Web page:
The Wikipedia article of the day for October 11, 2017 is Fork-marked lemur.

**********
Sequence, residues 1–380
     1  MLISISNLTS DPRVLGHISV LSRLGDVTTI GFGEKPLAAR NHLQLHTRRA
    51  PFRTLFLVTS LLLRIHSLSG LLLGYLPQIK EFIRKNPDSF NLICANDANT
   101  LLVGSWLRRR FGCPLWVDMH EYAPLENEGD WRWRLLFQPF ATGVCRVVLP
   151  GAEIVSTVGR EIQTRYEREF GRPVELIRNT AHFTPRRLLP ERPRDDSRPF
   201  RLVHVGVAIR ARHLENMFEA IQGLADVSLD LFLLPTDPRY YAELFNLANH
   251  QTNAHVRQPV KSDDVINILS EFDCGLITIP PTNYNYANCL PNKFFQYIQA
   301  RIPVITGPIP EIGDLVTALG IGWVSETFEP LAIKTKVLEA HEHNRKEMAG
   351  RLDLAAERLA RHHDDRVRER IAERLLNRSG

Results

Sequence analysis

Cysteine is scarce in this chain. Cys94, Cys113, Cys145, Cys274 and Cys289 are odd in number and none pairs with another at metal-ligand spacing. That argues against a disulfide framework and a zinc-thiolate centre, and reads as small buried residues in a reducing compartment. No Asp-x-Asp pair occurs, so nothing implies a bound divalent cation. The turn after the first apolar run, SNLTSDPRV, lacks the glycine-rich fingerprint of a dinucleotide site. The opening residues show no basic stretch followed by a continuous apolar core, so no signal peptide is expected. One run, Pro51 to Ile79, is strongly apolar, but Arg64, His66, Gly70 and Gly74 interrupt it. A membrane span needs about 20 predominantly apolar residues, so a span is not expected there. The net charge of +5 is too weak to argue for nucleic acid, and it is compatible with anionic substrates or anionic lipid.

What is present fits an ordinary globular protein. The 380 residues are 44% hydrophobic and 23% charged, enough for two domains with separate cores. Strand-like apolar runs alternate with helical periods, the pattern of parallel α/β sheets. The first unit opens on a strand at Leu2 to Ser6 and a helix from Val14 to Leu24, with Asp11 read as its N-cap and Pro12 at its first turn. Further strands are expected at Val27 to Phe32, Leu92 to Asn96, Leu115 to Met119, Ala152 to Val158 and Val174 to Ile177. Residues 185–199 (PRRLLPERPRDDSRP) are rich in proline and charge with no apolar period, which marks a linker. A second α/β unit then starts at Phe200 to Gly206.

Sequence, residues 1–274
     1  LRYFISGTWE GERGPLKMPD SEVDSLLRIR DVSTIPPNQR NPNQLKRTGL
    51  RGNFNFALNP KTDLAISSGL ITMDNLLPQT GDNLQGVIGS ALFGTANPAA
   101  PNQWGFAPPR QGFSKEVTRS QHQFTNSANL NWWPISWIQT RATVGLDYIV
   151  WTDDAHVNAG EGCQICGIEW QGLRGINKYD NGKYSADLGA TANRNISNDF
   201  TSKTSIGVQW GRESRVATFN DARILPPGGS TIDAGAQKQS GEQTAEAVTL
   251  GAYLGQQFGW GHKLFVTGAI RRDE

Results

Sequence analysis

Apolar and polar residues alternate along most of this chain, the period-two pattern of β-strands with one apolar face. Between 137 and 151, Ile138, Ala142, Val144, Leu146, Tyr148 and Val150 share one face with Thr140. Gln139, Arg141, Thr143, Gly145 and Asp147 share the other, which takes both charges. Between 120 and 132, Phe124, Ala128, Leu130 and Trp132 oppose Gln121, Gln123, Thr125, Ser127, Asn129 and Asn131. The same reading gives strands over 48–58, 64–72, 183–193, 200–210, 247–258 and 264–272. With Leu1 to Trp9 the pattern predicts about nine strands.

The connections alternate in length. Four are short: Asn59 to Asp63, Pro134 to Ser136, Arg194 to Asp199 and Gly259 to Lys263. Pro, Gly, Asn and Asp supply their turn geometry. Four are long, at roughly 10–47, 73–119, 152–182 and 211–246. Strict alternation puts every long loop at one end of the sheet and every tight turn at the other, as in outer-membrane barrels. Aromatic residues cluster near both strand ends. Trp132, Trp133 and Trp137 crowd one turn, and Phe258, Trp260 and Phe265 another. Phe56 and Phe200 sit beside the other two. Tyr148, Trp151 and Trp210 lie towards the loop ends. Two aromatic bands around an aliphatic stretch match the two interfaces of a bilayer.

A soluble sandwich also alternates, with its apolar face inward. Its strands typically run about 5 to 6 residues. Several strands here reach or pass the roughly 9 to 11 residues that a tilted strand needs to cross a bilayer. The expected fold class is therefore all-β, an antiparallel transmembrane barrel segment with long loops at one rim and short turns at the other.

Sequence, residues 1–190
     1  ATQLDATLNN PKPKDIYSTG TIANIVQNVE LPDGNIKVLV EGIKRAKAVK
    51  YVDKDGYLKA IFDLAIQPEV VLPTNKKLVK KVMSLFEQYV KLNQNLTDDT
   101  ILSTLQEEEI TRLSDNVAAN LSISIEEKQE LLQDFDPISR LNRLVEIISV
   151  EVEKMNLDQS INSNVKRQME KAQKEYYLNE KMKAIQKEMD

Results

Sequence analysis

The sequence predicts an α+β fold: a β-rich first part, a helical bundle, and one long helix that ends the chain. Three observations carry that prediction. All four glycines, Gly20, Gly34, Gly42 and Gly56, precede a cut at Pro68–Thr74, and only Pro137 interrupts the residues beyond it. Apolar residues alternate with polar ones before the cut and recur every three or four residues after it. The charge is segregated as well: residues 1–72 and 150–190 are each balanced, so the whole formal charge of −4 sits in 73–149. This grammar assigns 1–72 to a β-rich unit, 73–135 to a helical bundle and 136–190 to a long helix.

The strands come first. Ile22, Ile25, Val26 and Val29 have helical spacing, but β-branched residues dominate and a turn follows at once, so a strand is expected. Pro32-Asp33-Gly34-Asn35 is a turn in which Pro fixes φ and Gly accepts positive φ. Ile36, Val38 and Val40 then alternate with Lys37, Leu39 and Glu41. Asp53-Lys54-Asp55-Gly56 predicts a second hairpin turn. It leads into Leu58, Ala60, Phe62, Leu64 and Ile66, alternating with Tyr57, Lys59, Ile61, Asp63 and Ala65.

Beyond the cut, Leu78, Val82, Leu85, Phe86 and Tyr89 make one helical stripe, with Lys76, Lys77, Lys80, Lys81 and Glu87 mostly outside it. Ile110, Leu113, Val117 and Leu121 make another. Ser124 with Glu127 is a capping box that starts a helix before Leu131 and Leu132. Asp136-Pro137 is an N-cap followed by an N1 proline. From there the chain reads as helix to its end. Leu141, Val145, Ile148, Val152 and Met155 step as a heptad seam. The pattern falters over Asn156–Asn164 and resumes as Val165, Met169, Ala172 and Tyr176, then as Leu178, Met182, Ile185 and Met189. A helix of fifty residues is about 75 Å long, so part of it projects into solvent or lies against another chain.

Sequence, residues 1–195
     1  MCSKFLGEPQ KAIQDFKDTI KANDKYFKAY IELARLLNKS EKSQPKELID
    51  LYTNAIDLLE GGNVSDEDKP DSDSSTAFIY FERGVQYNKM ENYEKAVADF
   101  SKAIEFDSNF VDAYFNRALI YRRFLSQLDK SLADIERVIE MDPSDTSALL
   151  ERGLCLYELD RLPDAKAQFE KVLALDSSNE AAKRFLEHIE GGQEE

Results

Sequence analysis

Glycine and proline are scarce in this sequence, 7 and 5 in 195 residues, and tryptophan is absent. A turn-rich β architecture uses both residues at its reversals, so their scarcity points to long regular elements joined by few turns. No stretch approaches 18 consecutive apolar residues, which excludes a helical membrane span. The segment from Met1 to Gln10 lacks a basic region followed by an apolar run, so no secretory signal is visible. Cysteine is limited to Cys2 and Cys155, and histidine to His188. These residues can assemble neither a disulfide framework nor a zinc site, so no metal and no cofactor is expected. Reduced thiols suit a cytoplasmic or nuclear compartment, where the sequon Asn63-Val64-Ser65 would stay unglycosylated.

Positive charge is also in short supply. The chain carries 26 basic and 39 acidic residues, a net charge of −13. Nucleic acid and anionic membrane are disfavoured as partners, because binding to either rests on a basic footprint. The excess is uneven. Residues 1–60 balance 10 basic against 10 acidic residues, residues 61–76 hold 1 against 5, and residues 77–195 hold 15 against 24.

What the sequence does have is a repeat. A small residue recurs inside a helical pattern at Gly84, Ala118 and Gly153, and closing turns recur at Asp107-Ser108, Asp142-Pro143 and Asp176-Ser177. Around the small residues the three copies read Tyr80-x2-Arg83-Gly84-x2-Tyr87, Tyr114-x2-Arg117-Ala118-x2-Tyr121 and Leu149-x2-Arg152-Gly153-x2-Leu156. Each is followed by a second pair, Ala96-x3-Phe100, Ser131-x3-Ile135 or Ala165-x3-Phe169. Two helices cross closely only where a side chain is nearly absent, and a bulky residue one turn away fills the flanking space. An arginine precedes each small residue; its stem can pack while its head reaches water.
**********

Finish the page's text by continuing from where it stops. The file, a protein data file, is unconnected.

Fork-marked lemurs (the genus Phaner) are primates native to Madagascar. Weighing around 350 grams (0.77 lb) or more, they are some of the largest members of the family of dwarf and mouse lemurs in the suborder Strepsirrhini. They have a dorsal forked stripe, dark rings around their eyes, and large membranous ears. Like other members of their family, they are nocturnal, and sleep in tree holes and nests during the day. Males are very vocal, making repeated calls at the beginning and end of the night. Monogamous pairing is typical; females are dominant, and are thought to have only one offspring every two years or more. Fork-marked lemurs run quadrupedally across branches in a wide variety of habitats, ranging from dry deciduous forests to rainforests. Their diet consists primarily of tree gum and other exudates, though they may obtain some of their protein by hunting small arthropods later at night. Three of the four species are endangered and the other is listed as vulnerable. Their populations are in decline due to habitat destruction.